California adopts ‘yes means yes’ sex-assault rule

SACRAMENTO, Calif. (AP) — Gov. Jerry Brown announced Sunday that he has signed a bill that makes California the first in the nation to define when “yes means yes” and adopt requirements for colleges to follow when investigating sexual assault reports.

State lawmakers last month approved SB967 by Sen. Kevin de Leon, D-Los Angeles, as states and universities across the U.S. are under pressure to change how they handle rape allegations. Campus sexual assault victims and women’s advocacy groups delivered petitions to Brown‘s office on Sept. 16 urging him to sign the bill.

http://news.msn.com/us/california-adopts-yes-means-yes-sex-assault-rule

California Calls for Constitutional Convention to Get Money Out of Politics

Progressive Graffiti

California Passes Historic Measure To Change The Constitution

California became the second state to call for a constitutional amendment to get money out of politics. After a determined effort by regular Americans fed up with a corrupt system of government organized by Wolf Pac volunteers and with Assemblyman Mike Gatto who introduced the legislation, resolution AJR1 passed by a vote of 23 – 11.

The Young Turks 

34 states are required to call a Constitutional Convention. Only 32 more to go.

California passes historic measure to change the Constitution

View original post

Why a Small California City Could Be Wall Street’s Worst Nightmare | Mother Jones

Why a Small California City Could Be Wall Street’s Worst Nightmare | Mother Jones.

The outcome of the foreclosure crisis—and the fate of many investors who bet on it—may hinge upon a city council vote tonight in a little-known working-class suburb. The Northern California town of Richmond (population: 105,000) will decide whether it wants to become first city in the country to use eminent domain to rid itself of underwater mortgages. The securities industry has threatened to make life miserable for Richmond and its residents if they move ahead with the plan.

In late July, Richmond sent letters to 32 banks and other mortgage holders, offering to buy 624 underwater mortgages at discounts to the homes’ value. None of the offers were accepted. Richmond must now decide whether it will use eminent domain—a power more often used to build roads or shopping malls—to seize the homes, paying a court-determined fair market value.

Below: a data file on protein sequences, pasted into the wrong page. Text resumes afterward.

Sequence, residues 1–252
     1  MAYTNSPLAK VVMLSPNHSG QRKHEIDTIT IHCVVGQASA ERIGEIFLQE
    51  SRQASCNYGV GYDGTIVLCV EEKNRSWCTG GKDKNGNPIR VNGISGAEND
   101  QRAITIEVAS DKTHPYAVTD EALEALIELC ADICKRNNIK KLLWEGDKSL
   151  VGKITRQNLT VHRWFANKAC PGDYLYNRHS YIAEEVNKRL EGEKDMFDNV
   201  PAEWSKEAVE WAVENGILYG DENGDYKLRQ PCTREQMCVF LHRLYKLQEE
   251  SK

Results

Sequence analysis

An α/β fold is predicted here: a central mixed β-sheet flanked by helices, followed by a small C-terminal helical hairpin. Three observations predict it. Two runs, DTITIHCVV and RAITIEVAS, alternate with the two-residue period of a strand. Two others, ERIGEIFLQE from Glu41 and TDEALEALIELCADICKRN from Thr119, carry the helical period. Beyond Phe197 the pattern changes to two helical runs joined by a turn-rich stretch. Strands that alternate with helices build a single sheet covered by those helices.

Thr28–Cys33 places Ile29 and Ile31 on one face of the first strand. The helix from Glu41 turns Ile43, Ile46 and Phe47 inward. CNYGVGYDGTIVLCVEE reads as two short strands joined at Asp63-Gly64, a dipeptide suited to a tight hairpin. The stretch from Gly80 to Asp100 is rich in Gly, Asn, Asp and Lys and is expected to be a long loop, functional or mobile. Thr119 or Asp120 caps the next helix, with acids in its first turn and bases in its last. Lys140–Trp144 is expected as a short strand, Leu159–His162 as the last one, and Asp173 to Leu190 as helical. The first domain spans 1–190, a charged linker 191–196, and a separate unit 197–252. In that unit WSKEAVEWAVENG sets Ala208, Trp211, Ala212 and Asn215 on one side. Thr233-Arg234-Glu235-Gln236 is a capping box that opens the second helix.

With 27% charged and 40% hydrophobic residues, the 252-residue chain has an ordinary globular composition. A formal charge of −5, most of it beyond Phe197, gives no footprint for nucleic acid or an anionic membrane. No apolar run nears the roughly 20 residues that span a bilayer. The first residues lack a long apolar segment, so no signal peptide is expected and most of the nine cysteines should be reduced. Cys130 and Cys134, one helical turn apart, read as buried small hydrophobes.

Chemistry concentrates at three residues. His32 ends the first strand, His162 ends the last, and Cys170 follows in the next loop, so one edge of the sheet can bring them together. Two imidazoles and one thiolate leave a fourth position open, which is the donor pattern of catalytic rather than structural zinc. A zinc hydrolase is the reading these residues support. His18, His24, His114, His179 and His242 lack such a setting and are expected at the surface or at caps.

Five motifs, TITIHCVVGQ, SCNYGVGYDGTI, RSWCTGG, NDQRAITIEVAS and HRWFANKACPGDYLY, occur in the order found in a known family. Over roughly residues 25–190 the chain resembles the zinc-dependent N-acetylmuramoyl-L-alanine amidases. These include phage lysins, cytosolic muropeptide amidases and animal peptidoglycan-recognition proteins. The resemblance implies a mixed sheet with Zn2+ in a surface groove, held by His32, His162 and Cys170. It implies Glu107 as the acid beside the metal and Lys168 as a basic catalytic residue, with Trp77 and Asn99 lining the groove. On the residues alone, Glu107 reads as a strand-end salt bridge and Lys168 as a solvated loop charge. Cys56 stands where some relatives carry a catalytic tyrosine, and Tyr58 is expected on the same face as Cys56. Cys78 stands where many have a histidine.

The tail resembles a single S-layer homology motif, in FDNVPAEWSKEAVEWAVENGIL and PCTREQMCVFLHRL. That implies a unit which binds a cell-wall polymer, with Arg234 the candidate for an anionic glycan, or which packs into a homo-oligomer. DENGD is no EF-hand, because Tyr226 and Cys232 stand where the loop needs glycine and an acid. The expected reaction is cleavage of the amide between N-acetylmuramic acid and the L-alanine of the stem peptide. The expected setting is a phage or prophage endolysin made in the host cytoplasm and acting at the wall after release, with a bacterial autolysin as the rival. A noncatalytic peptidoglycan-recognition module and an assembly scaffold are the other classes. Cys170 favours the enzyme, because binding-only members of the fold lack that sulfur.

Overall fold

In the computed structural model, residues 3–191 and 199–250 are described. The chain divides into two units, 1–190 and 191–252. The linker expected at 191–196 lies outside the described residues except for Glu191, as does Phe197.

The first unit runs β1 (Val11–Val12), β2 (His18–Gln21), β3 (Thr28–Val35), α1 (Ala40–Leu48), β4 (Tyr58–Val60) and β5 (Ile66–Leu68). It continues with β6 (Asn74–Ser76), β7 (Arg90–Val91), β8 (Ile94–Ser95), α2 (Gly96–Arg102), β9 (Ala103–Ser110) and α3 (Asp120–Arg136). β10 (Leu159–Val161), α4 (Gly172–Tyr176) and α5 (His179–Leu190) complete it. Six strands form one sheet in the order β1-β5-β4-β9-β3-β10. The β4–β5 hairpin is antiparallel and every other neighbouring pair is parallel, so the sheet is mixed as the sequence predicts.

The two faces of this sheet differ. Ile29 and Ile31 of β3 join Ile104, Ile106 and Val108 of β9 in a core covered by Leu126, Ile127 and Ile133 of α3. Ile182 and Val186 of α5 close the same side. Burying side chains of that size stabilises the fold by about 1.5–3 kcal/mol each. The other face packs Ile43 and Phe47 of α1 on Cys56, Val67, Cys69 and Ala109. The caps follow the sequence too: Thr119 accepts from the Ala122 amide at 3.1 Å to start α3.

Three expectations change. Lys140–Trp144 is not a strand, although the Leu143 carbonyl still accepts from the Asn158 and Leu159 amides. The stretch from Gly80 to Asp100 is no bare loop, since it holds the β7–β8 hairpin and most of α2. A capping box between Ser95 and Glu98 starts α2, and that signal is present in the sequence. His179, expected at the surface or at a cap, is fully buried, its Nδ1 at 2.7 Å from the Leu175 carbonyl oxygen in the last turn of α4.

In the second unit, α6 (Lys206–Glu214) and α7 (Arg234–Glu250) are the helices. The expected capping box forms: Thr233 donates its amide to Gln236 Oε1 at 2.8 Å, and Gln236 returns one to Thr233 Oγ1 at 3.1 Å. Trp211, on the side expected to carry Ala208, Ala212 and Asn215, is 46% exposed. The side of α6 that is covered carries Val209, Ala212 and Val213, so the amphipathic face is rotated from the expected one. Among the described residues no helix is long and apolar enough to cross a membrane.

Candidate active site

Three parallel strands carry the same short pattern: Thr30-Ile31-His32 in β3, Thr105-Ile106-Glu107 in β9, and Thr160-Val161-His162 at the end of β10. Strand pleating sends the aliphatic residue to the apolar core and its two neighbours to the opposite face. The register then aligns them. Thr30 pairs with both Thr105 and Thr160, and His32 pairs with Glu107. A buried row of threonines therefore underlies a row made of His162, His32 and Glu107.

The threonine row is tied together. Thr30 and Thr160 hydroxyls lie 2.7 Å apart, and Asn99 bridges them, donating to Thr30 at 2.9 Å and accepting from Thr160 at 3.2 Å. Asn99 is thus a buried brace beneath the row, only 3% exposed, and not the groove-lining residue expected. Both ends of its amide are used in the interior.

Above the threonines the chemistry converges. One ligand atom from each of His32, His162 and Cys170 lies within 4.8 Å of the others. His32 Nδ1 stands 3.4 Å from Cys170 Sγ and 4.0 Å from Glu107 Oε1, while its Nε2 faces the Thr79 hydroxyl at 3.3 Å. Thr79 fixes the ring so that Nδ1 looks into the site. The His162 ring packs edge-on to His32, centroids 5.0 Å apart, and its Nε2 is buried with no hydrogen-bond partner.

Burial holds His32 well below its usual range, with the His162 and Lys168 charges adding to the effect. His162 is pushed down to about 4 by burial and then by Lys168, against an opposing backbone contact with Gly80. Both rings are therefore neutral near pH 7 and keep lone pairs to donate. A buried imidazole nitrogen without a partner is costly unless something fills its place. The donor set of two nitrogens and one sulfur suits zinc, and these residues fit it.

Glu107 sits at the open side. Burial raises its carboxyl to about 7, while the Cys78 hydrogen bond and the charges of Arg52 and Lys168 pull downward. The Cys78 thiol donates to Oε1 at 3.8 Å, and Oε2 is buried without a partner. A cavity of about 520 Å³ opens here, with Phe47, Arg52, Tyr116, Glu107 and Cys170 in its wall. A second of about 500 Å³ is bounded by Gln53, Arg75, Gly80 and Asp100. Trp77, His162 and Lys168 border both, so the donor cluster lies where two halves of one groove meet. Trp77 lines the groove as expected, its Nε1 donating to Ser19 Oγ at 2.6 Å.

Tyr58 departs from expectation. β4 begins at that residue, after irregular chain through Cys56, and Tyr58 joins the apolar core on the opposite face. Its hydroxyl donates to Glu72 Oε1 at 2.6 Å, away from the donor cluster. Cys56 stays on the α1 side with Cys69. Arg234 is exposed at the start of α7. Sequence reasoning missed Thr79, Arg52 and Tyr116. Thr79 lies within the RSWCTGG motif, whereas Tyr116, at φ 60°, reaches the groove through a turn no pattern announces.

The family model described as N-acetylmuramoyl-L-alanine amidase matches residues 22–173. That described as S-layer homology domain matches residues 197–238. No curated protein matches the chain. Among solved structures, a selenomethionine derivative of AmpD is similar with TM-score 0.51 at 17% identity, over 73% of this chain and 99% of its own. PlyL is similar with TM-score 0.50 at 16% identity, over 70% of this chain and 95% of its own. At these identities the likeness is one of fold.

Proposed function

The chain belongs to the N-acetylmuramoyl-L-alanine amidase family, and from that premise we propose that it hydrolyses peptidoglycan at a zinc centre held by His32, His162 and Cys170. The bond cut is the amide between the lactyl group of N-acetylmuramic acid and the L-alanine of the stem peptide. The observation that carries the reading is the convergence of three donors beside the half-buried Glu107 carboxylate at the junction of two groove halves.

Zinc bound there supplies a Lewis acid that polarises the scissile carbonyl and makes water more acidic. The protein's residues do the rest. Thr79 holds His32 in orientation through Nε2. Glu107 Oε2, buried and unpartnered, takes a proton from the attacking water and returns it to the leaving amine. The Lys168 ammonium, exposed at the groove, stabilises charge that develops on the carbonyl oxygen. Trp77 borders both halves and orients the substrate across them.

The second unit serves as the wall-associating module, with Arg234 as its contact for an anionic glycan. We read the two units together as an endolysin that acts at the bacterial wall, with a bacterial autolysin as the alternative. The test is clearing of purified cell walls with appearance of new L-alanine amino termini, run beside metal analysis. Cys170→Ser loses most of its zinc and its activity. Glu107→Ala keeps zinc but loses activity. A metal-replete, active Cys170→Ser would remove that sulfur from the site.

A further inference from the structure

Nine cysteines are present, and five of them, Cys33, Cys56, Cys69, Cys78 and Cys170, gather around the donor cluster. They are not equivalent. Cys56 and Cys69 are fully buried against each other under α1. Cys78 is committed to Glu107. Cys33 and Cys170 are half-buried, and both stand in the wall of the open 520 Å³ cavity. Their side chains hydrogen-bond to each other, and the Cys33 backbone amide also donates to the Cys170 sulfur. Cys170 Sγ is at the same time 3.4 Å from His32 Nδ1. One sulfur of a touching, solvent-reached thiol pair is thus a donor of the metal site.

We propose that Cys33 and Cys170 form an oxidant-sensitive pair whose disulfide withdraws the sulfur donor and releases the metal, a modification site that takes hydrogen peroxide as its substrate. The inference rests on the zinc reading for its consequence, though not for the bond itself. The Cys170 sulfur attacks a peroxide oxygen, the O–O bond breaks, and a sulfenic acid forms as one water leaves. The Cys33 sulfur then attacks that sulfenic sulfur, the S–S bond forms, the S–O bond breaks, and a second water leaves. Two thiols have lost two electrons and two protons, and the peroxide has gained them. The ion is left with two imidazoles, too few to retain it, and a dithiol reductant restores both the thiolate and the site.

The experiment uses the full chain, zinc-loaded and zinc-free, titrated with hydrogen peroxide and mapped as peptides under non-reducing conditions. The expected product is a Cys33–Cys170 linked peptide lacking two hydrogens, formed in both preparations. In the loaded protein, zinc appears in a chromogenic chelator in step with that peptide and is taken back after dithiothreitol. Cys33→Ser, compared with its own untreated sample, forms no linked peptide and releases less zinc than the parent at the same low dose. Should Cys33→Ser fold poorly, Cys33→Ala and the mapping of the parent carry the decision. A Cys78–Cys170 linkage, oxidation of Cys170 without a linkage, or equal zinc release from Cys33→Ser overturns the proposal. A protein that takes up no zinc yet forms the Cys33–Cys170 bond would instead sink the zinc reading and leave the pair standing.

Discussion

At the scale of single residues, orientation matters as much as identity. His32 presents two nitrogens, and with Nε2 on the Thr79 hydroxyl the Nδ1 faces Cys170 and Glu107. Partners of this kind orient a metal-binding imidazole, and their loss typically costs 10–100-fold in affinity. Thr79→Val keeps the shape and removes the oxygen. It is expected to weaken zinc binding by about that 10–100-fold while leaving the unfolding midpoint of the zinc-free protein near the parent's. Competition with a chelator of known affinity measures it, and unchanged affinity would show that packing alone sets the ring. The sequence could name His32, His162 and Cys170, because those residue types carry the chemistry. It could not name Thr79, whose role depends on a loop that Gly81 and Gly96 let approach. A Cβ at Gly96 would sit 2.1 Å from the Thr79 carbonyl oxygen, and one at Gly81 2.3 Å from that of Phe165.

Richmond would carry out the purchases with the help of Mortgage Resolution Partners, an advisory firm run by a politically connected group of investors. (Read my original story on MRP’s eminent-domain plans here.) After Richmond seizes the loans, new lenders arranged by MRP would step in and essentially refinance them. The borrowers would stay in their homes, and the new loans would reflect the current value of the properties. In this scenario, a family in Richmond that bought a $300,000 house that’s now worth $200,000 would see its monthly payments decrease by $300 to $800.

For more than a year now, MRP’s chairman, Steven Gluckstern, has been trying and failing to convince some of the cities worst hit by the foreclosure crisis to adopt his eminent domain plan. Politicians in San Bernadino, Salinas, and about a dozen other towns flirted with the idea to varying degrees before getting cold feet. But Richmond is supposed to be different: “We’re not willing to back down on this,” Richmond’s Mayor Gayle McLaughlin, a former schoolteacher,told the New York Times in July. “They can put forward as much pressure as they would like, but I am very committed to this program and I’ve very committed to the well-being of our neighborhoods.”

An anti-MRP mailer from the Contra Costa Association of Realtors

That, however, was before the Contra Costa County Association of Realtors began blanketing the town with misleading mailers. “Don’t let Wall Street take another bite out of Richmond homes,” one flyer admonishes. There’s a grain of truth to the claim—Gluckstern himself is a former Lehman Brothers investment banker. But the fact that Wall Street trade groups actually oppose MRP’s plan may be lost on average voters.

The securities industry recently sued Richmond in federal court seeking a preemptive injunction against its eminent-domain strategy. A judge will hear that case on Thursday.

Tonight, assuming it doesn’t delay the decision, the Richmond City Council will vote to either proceed with the plan, terminate it, or to move it forward only if MRP can indemnify the town against all unintended side effects—something Gluckstern says is impossible. “In life, there is no such thing as a free lunch,” he says. “You’ve got to weigh whatever small likelihood of a potential loss against the upside.”

California Prison Chief Meets With Inmate Advocates

Photo courtesy of doslives.com

Photo courtesy of doslives.com

From NewsOne.com:

SACRAMENTO, Calif. (AP) — Advocates for inmates on a hunger strike to protest California’s solitary confinement program met with the state prisons chief on Friday as they pushed for an end to practices they say are inhumane.

Mediators who support the protesting inmates issued a statement after the hour-long meeting with Corrections Secretary Jeffrey Beard, saying they offered ideas for ending the hunger strike and improving prison conditions that include indeterminate sentences in isolation units.

“He received us well and listened to our concerns and those of the prisoners and their families,” the statement said.

Ron Ahnen, president of California Prison Focus, who was among those who met with Beard, declined to elaborate on the secretary’s response to their suggestions.

More than 300 inmates have refused all meals since the strike began on July 8. About 30,000 inmates initially participated.

For the full story, go to NewsOne.com.